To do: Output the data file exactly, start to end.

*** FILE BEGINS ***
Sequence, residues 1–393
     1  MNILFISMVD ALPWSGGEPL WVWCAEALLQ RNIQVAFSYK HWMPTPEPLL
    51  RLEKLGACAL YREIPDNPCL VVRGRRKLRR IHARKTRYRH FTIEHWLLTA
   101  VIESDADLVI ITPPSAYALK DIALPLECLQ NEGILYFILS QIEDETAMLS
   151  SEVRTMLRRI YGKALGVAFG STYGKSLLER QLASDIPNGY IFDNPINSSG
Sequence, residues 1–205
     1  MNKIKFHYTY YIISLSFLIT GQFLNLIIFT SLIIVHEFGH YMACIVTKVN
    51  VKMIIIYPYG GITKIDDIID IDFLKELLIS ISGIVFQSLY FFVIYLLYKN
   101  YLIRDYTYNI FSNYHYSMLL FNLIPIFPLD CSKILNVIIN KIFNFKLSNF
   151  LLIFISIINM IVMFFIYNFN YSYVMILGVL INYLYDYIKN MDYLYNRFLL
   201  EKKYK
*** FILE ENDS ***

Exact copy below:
Sequence, residues 1–393
     1  MNILFISMVD ALPWSGGEPL WVWCAEALLQ RNIQVAFSYK HWMPTPEPLL
    51  RLEKLGACAL YREIPDNPCL VVRGRRKLRR IHARKTRYRH FTIEHWLLTA
   101  VIESDADLVI ITPPSAYALK DIALPLECLQ NEGILYFILS QIEDETAMLS
   151  SEVRTMLRRI YGKALGVAFG STYGKSLLER QLASDIPNGY IFDNPINSSG
Sequence, residues 1–205
     1  MNKIKFHYTY YIISLSFLIT GQFLNLIIFT SLIIVHEFGH YMACIVTKVN
    51  VKMIIIYPYG GITKIDDIID IDFLKELLIS ISGIVFQSLY FFVIYLLYKN
   101  YLIRDYTYNI FSNYHYSMLL FNLIPIFPLD CSKILNVIIN KIFNFKLSNF
   151  LLIFISIINM IVMFFIYNFN YSYVMILGVL INYLYDYIKN MDYLYNRFLL
   201  EKKYK